What to Know About Abdominal Pain—and When to Get Help For It

You don’t have to live with belly pain. See common causes and treatments—and when it's time for a real diagnosis.

A woman on a bed grips her stomach—wondering about the causes of her abdominal pain—and what helps stomach pain go away.

Updated on November 7, 2023.

Unless you're experiencing sharp pain, aches, or cramping, you probably don't think about the internal workings of your belly much Even then, you may dismiss the discomfort or pain as just gas—or some other minor disturbance—and simply wait for it to go away. 

But you don't have to live with the pain. Whether your abdominal pain or discomfort is a sharp, short-term annoyance or a chronic hurt that bothers you consistently, you have options for making it go away. The first step is figuring out what's causing the pain so that you can treat the source. 

What's going on in there? 

Sometimes it's difficult to determine the root cause of a bellyache. The causes of abdominal pain could stem from any one of a number of structures and organs within your abdomen, including your appendix, kidneys, liver, reproductive organs, and aorta. Or, it could be caused by any of the organs involved in digestion, such as your stomach, pancreas, gallbladder, or intestines. You also have a myriad of muscles, tendons, and other connective tissue located in this region of the body. Abdominal pain could even be caused by problems completely unrelated to the abdomen, such as a heart attack or pneumonia. 

If you have abdominal pain, and it's chronic, severe, or in any way worrisome to you, it's best to get an opinion from a healthcare provider (HCP) on what might be amiss.  

Your HCP will ask you questions about your pain. These questions, combined with your medical history and physical exam, are designed to help pinpoint possible stomach pain causes. 

For starters, tell your HCP: 

  • When the pain began 
  • Where the pain is located and whether it's in a specific location or all over 
  • What kind of pain it is (such as sharp, dull, or throbbing) 
  • How severe the pain is 
  • How frequently you feel the pain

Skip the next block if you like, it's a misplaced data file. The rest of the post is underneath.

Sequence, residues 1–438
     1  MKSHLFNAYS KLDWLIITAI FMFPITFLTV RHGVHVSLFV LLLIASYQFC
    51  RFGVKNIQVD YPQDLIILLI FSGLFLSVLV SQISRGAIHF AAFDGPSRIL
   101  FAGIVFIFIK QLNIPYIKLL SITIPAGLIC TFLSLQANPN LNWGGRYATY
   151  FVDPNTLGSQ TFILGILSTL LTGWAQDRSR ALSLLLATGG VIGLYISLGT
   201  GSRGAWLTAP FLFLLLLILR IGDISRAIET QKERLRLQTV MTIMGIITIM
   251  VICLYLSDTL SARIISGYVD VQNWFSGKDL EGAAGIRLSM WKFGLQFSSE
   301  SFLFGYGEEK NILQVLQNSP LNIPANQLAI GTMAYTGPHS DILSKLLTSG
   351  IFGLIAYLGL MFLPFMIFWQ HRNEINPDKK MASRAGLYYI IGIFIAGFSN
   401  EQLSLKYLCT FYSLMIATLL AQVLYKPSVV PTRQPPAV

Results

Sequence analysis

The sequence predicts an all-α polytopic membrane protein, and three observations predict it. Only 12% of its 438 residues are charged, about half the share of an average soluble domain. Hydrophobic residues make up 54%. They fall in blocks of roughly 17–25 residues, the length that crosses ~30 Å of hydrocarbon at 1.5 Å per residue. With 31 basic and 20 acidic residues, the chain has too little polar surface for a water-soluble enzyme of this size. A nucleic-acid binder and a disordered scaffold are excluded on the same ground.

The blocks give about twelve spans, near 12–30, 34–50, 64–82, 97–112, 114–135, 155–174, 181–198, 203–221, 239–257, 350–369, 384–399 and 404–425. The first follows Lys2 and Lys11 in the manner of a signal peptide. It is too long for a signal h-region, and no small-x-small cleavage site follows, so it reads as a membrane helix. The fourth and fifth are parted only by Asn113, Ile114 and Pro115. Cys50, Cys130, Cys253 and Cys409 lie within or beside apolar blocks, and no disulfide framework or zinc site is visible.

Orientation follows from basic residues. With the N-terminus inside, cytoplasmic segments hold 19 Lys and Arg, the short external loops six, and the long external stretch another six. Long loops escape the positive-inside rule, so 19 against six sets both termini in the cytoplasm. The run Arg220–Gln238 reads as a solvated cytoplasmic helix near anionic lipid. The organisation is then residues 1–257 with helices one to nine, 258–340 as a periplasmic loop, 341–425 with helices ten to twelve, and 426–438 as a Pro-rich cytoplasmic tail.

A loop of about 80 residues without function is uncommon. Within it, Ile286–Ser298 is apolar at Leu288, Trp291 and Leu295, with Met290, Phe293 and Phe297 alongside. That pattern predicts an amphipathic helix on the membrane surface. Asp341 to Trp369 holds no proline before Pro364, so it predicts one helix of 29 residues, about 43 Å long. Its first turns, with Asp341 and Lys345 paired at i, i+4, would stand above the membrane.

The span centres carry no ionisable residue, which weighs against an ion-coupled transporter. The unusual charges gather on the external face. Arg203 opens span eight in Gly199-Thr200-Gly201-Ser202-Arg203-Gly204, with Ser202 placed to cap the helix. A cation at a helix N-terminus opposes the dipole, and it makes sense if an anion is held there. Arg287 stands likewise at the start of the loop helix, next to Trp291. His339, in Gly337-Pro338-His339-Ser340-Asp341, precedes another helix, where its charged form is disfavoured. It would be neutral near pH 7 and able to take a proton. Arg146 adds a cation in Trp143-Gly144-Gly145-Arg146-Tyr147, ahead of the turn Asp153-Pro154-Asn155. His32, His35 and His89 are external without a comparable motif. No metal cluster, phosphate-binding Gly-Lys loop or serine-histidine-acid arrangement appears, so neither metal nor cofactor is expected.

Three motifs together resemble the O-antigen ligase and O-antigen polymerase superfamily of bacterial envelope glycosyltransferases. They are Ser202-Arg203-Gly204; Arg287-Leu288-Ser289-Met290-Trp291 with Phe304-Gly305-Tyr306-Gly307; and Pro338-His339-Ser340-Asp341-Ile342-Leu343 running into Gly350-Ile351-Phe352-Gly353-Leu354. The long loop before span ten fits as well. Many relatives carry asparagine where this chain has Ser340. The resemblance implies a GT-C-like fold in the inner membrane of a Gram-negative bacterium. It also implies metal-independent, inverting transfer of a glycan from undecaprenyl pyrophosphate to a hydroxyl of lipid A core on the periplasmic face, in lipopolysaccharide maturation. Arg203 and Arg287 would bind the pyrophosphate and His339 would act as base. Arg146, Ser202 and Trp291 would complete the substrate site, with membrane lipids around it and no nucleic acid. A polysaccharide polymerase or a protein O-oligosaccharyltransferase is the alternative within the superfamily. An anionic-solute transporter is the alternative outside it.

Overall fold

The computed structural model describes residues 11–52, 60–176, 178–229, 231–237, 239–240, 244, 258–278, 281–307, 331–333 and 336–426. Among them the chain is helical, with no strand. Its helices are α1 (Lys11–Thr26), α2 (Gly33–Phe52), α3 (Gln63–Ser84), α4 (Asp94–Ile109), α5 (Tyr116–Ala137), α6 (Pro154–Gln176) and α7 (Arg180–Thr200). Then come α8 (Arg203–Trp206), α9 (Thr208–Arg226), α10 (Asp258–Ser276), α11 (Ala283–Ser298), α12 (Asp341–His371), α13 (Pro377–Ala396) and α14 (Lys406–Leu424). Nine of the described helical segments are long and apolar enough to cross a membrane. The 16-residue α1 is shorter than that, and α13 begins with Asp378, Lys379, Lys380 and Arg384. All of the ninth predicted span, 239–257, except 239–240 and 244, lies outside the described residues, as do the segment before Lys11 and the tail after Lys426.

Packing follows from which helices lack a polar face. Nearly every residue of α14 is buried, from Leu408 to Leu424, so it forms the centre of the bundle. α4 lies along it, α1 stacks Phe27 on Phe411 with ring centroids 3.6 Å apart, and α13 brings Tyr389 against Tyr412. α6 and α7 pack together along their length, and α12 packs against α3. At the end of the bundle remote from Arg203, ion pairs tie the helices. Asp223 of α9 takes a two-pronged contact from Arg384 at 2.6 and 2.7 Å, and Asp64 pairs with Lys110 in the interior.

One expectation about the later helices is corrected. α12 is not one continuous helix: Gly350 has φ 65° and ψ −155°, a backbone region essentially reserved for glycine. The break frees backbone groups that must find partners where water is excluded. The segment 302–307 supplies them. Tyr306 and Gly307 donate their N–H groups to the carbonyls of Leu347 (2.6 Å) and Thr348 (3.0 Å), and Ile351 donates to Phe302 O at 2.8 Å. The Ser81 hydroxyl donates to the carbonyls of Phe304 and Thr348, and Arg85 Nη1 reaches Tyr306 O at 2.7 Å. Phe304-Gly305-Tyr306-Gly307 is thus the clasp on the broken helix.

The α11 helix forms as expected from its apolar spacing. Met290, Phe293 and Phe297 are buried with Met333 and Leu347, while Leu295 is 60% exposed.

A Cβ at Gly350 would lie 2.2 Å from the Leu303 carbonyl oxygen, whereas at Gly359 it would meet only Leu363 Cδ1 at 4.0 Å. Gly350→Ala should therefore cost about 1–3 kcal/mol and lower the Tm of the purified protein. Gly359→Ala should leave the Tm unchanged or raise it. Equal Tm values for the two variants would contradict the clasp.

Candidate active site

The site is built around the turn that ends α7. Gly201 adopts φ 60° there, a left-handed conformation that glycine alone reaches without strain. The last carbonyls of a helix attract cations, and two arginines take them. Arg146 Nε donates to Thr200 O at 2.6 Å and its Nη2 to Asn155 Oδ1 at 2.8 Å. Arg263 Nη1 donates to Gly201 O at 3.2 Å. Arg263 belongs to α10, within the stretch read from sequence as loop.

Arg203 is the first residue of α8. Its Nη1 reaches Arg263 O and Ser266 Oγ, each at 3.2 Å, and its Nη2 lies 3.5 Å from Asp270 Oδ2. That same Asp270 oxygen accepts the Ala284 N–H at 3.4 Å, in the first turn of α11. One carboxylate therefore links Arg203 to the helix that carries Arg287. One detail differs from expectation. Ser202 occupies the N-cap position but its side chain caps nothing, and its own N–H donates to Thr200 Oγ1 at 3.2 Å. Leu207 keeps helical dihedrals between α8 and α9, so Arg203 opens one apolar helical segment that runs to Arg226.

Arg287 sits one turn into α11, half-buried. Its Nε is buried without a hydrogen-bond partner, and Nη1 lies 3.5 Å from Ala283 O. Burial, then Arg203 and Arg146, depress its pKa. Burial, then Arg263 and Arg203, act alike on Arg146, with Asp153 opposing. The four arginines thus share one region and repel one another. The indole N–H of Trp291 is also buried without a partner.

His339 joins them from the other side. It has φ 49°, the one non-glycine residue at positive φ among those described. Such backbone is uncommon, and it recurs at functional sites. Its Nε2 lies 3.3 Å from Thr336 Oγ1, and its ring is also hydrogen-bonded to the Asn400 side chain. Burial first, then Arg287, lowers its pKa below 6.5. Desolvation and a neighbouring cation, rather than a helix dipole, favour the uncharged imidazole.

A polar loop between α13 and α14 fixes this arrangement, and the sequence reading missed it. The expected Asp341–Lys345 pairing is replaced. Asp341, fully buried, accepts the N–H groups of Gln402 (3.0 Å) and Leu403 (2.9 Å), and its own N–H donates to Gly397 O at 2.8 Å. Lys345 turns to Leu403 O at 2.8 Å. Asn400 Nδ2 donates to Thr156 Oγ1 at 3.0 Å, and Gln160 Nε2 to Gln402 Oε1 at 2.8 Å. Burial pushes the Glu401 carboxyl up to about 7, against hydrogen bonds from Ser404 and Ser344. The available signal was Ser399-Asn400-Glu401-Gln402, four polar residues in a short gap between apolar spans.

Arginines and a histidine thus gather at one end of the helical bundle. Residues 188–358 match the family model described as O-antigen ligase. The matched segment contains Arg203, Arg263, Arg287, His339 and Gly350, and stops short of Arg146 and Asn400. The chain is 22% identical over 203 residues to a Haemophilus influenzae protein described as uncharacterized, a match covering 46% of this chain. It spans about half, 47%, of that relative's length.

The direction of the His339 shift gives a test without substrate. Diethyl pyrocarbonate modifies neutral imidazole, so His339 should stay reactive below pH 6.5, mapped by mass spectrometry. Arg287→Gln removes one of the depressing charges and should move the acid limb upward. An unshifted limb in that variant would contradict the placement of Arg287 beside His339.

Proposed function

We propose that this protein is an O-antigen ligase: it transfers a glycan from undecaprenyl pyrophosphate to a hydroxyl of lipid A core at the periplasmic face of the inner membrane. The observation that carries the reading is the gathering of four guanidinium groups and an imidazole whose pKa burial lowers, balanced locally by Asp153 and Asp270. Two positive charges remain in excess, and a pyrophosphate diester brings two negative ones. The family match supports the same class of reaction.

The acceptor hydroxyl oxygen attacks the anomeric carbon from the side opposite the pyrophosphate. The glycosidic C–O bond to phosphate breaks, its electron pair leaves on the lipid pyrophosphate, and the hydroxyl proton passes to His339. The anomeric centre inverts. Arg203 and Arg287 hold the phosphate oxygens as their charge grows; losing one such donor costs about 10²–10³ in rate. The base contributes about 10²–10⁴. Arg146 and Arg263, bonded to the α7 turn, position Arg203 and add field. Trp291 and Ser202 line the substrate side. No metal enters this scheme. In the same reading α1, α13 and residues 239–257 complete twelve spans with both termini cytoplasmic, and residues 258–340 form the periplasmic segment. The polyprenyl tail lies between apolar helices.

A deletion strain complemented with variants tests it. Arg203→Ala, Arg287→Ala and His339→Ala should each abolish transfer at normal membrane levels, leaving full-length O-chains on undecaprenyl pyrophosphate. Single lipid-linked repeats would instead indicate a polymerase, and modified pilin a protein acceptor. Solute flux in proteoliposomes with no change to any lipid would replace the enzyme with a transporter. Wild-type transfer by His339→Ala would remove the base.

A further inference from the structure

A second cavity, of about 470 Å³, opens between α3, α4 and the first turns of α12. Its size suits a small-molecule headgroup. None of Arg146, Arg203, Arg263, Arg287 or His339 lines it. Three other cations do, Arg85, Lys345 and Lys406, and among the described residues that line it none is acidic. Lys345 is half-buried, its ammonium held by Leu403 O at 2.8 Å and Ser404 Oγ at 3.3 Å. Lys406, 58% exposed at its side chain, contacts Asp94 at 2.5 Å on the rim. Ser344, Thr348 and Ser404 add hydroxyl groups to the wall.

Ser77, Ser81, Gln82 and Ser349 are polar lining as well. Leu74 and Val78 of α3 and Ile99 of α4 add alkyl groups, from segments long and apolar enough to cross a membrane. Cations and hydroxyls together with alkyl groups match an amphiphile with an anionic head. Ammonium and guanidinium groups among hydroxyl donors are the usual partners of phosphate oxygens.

• What makes it worse and what makes it better 
  • How the pain is affecting your life 

Is it serious? 

Abdominal pain can vary greatly, from minor to excruciating. But sometimes even severe pain can result from something relatively harmless and, conversely, more serious conditions may not yield severe pain.

For example, most people know what it's like to be doubled over with gas pain. Yet some serious problems, such as celiac disease or colon cancer, may not cause you too much discomfort in the early stages. 

In short, don't judge your problems solely by the severity of your pain. Severe, incapacitating pain is always a reason to see your HCP right away. But for mild to moderate pain, consider the following red flags as well, and call your HCP if you experience them: 

  • Abdominal discomfort that lasts a week or longer 
  • Abdominal swelling 
  • Bloating that lasts longer than two days (not associated with PMS) 
  • Diarrhea for more than three days 
  • Fever with your pain 
  • Pain that develops during pregnancy (or possible pregnancy) 
  • Prolonged poor appetite 
  • Tenderness of the abdomen 
  • Unexplained weight loss 
  • Black, tarry stool 
  • Thin, ribbon-like stool 

Signs that you need to see a HCP immediately include the following:

  • A rigid abdomen
  • A high fever with your pain (over 101°F)
  • Bloody diarrhea
  • Vomiting or an inability to keep food down
  • An inability to pass stool, gas, or urine
  • Pain that is incapacitating, lasts several hours, is accompanied by vomiting or might be symptomatic of a medical emergency, such as a heart attack 

Smart self-care 

What helps stomach pain in mild cases? If you're having mild abdominal pain or discomfort, or need a little relief from the pain until you see your HCP, here are six self-help steps you can try. They may help relieve some, but not all, instances of gastrointestinal pain. 

  • Drink plenty of water, but take infrequent, small sips. 
  • Avoid foods that are known to exacerbate some causes of abdominal pain, such as gas, diarrhea, constipation or heartburn. This includes greasy foods, spicy foods, citrus, tomato products, dairy products, and chocolate. 
  • Cut back on foods and beverages that contain alcohol or caffeine. 
  • Avoid medications known to irritate the stomach lining, such as nonsteroidal anti-inflammatory drugs (NSAIDs). If your prescription medications cause stomach upset, speak to your HCP before discontinuing them. 
  • For pain related to stomach acid, try over-the-counter antacids. Gas pain may be relieved with antacids that contain simethicone and activated charcoal. 
  • After pain subsides, eat a bland diet for a day or so. 

Some digestive problems are minor and can be remedied with self-care. Others may require prescription treatments or—although rare—may constitute a potential medical emergency. The first step: Speak with your HCP so you can get an accurate abdominal pain diagnosis. If you have regular abdominal troubles, make an appointment today. 

Article sources open article sources

MedlinePlus. Abdominal pain. Review Date February 7, 2022.
Cleveland Clinic. Abdominal Pain. Last reviewed on April 18, 2022.
Gotfried, Jonathan, MD. Acute Abdominal Pain. Merck Manual, Consumer Version. Reviewed/Revised January 2022.

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